Contracting in Australia

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From Aussie contractor site www.Brainbox.com.au

Tax Australia

Tax in Australia is applied at various levels. The top marginal rate is 47% kicking in at A$60,000 (approx. US$30,000), and includes a 1.5% and 2.5% Medicare levy.

Australia also has a Goods and Services Tax (GST) of 10%. And the fun doesn‘t end there. Superannuation (pension) is compulsory at 8% in 2001 and 9% in 2003 and beyond.

This is concessionally taxed at 15% on contribution and 15% on withdrawal, excluding high-income earners.

Superannuation tax increases by 1% for every A$1000 earned over A$78,000, peaking at 30% on all contributions for income earners of over A$93,000pa and compulsory superannuation has to remain in the country until the retirement age of 60+ (that‘s if there‘s any left after administration fees are deducted).

New Tax System

In June 2000 Australia introduced a new tax system based on the Ralph Report prepared for government. The Alienation of Personal Services Income Bill 2000 was an integral part of this Ralph Report which effectively prevents contractors who derive their income from their ‘own personal exertion’ from gaining any advantage by using a company, sole trader or similar structure to reduce tax liabilities.

Small contractor companies, where the bulk of income is earned from the personal exertion of the director/shareholder, are being severely disadvantaged by these new rules.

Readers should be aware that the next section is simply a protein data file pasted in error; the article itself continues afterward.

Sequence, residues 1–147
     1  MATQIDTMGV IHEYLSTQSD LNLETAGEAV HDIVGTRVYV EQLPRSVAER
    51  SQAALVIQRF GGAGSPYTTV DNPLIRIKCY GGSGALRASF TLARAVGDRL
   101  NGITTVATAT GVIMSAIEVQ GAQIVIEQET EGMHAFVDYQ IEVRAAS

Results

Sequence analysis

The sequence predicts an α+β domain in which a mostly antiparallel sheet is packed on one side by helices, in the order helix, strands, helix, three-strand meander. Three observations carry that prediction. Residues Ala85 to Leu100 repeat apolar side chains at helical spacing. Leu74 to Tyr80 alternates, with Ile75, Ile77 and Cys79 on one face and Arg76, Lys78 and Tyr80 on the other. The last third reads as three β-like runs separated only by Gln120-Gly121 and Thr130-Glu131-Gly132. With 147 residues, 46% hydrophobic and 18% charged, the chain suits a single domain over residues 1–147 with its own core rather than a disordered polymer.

The Alienation of Personal Services Income Bill 2000 legislates that if 80% of your income is from a single source you‘ll be treated a as ‘Personal Services Entity’ and this limits the expenses you are able to claim to less than those of a PAYG employee.

End User Employer

In the application of this test they look at the end user as the ’employer’, not the agency. Working for multiple agencies and the same end user does not get around the legislation.

Contractors who choose to use their own companies will need to undertake a self-evaluation but run the risk of making a mistake and facing severe penalties.

There‘s no doubt the situation is now far more complex, with the options for tax minimisation significantly reduced.

The preparation of quarterly BAS has also proven to be a time consuming and confusing burden and in implementing the Alienation of Personal Services Income Bill 2000 the ATO has removed the option for individual contractors to gain any advantage from running their own company.

The Enterprise Test and Personal Exertion tests will negate many personal exertion companies if not in the first round, then in subsequent audits.

Dave Thomas


Consultants Exchange

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